Displaying episodes 1 - 30 of 171 in total

How does Benzoyl Peroxide fight acne?

If you've ever had acne, you've probably tried some creams or washes with "benzoyl peroxide" somewhere on the label. How is it that this specific ingredient is helpful for fighting acne? What is happening at the molecular level when we apply some benzoyl peroxide to our acne? Let's find out!

How do gasses dissolve in liquid? (and other questions)

In this month's bonus episode, Melissa and Jam respond to comments and questions about fluoride, decaf coffee, dissolving gasses, careers in chemistry, witnessing moments from history, and more!

How is coffee decaffeinated?

Coffee Part 3! So we all know coffee has caffeine in it. But what if you want your coffee... without the caffeine? Is that as impossible as wanting to have your cake and eat it too? Thankfully no, we all know decaffeinated coffee exists. But how in the actual HECK do they get the caffeine out? Well, there's multiple ways and they are all fascinating. Check it out.

How does caffeine make you not sleepy?

Ok so, caffeine. Some of us live on the stuff, and others of us want nothing to do with it. There's a lot of things caffeine can do to our bodies, but of course the number one question, is how does it keep the sleepiness away? Let's get into it. And we may find out a few other things caffeine does along the way.

Why do tires go flat in the winter?

Well you've probably been there. It's the first significantly cold day of the season, and you turn your car on and the tire pressure light comes on. This is an annual problem for many of us, and we probably don't even really think about why it happens. I mean we all know it happens when it's cold, but what's happening at the molecular level to make our tire pressure low when it's cold? Let's find out.

Bonus: Blood in pool water? (and other questions)

In this month's bonus episode, Melissa and Jam respond to comments and questions about antacids, imposter syndrome, ice expanding, blood in pool water, and more!

Why do we roast coffee?

Coffee Part 2! So before we brew coffee, it gets roasted. What is roasting you might ask? Well it's pretty much the stage where all the magic is happening, everything that turns a little fruit seed into a delicious drink. Grab a cup of coffee, and listen to find out what chemistry processes created it.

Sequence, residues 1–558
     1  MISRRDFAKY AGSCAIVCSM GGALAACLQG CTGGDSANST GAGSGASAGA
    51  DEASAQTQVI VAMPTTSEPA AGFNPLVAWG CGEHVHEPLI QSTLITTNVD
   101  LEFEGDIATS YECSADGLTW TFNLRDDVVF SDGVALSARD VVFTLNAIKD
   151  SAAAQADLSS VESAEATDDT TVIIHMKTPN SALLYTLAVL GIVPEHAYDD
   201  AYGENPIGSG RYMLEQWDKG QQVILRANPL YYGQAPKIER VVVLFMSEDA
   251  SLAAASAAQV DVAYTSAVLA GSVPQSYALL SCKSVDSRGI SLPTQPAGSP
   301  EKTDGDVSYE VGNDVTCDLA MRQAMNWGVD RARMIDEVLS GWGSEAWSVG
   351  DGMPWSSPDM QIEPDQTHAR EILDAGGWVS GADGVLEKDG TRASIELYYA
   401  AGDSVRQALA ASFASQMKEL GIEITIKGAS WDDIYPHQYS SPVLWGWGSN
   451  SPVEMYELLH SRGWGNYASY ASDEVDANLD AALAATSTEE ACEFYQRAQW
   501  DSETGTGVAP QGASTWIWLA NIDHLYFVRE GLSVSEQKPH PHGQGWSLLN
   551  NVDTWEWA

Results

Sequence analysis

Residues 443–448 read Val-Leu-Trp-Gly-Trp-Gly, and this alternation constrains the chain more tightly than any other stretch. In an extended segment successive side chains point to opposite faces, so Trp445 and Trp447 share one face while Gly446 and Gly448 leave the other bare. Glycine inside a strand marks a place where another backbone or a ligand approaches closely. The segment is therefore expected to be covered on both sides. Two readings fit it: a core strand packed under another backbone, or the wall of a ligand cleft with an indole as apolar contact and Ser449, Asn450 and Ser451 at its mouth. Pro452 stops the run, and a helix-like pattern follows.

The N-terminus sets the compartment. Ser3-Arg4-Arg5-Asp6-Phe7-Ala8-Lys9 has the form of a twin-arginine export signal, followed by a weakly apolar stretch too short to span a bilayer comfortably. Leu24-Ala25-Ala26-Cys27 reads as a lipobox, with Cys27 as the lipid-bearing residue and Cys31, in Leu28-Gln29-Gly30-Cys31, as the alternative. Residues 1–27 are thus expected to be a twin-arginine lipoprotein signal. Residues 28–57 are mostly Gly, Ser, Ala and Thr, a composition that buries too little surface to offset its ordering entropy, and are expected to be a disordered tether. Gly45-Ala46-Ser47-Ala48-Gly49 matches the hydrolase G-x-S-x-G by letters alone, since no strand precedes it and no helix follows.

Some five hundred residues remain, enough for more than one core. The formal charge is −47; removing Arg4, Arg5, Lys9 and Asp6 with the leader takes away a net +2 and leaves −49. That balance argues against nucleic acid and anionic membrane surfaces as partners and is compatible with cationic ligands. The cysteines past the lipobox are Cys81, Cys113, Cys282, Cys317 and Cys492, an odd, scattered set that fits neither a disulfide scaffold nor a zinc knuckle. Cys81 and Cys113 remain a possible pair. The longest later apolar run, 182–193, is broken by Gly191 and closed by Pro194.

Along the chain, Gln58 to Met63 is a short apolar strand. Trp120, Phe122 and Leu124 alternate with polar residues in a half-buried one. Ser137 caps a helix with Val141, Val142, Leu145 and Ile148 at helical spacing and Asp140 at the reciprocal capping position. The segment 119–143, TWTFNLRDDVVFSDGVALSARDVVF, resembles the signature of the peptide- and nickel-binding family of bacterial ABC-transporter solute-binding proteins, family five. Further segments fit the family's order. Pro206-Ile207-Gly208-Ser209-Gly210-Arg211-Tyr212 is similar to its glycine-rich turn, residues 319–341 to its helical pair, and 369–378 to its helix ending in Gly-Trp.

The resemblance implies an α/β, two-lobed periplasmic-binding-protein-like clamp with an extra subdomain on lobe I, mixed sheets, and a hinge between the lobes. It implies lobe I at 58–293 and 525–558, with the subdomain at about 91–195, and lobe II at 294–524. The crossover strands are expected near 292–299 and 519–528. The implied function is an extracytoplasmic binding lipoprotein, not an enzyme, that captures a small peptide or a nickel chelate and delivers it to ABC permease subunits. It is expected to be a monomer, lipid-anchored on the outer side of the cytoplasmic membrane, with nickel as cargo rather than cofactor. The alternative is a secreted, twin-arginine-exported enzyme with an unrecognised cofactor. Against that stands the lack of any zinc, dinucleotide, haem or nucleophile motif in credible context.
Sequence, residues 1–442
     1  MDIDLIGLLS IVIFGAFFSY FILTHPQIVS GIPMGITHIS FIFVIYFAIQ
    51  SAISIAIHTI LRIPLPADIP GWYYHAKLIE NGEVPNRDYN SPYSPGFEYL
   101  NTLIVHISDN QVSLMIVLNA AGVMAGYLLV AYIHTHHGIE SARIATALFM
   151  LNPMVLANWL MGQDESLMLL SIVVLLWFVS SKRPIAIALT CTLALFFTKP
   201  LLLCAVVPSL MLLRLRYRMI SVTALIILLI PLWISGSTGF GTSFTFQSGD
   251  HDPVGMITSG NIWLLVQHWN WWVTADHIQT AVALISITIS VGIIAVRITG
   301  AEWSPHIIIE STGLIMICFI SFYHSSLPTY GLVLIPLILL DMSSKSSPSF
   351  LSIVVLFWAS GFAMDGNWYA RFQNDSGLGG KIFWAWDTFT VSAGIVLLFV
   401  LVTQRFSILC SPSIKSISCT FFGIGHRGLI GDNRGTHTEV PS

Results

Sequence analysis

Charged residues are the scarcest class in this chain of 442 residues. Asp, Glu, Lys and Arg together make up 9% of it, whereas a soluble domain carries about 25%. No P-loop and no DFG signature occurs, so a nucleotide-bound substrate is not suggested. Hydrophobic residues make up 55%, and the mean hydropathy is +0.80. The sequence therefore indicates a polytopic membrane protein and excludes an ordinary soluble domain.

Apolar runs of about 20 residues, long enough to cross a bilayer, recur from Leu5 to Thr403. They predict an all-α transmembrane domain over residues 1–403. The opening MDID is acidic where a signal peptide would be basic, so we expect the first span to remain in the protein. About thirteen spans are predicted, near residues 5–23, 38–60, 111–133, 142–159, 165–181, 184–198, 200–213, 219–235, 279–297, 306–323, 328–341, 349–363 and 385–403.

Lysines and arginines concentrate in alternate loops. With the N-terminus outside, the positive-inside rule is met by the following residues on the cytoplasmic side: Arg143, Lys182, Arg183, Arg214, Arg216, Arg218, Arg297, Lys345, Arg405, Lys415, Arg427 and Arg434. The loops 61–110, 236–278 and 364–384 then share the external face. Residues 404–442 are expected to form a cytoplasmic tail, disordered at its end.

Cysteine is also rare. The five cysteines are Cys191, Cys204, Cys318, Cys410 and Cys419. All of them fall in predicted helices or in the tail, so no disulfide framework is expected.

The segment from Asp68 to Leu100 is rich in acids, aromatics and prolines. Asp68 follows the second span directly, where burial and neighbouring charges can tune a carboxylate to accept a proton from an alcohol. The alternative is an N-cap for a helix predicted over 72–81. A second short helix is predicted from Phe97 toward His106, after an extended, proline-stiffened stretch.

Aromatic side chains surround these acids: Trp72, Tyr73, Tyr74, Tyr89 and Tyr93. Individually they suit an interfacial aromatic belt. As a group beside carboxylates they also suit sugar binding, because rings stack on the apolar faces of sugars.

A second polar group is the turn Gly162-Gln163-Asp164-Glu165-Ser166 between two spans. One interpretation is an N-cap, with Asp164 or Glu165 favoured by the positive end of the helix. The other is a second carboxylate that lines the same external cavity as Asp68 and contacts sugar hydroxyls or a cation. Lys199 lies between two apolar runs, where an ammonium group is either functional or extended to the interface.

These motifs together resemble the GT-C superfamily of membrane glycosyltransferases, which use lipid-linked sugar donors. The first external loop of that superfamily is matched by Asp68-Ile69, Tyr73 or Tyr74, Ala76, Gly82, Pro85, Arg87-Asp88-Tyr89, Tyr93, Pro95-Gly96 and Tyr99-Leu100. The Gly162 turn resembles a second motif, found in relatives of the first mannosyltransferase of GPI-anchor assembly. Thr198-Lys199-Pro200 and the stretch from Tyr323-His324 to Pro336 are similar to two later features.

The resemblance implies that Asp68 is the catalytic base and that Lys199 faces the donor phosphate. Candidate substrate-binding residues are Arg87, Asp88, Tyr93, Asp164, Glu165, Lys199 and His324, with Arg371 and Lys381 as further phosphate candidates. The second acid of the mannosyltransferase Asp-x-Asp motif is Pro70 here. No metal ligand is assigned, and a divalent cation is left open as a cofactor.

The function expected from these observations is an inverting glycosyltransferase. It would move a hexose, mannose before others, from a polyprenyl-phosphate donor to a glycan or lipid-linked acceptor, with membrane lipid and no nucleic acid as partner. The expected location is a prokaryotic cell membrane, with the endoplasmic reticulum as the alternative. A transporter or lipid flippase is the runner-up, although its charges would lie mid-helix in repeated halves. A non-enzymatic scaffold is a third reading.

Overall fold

Why do leaves change color in the fall?

It's Fall! You know why they call Fall Fall? Well because the leaves fall. But before that, the leaves change color. Why do they do that? How? Is there any sort of function to it? Do the different colors mean anything? Let's dive into this overdue, colorful topic.

How is brewing coffee chemistry?

The long overdue cracking open of the door into the chemistry of coffee! First, the chemistry of what happens when you brew coffee. Check it out!

Fall Mini 07 - Who is and isn't a chemist?

What makes someone a chemist? At what point does someone become one? Is it a defined line or is it a blurry one? Melissa shares some thoughts, as well as the thoughts of two of her chemistry colleagues.

Fall Mini 06 - What is imposter syndrome? (with Vianet Garza)

This week we have a very special guest, Vianet Garza (LPC). She's going to talk us through something that's common in chemistry, science, and likely every other profession under the sun: imposter syndrome.

Fall Mini 05 - Is BPA really that bad for you?

This week we received an interesting email about BPA from listener and retired chemistry teacher Danny. Let's get into it.

Green Fire?!

Rebroadcast: This week Melissa and Jam explore a Halloween-themed topic, perfectly-timed for the fact that our episode air date happened to land on Halloween exactly! Can you change the color of fire using only chemistry, safety, personal protection equipment, and no magic? Listen to find out. And check us out on any of our social media accounts to see the experiment take place!

Fall Mini 04 - Icebreakers

It's time to break some ice.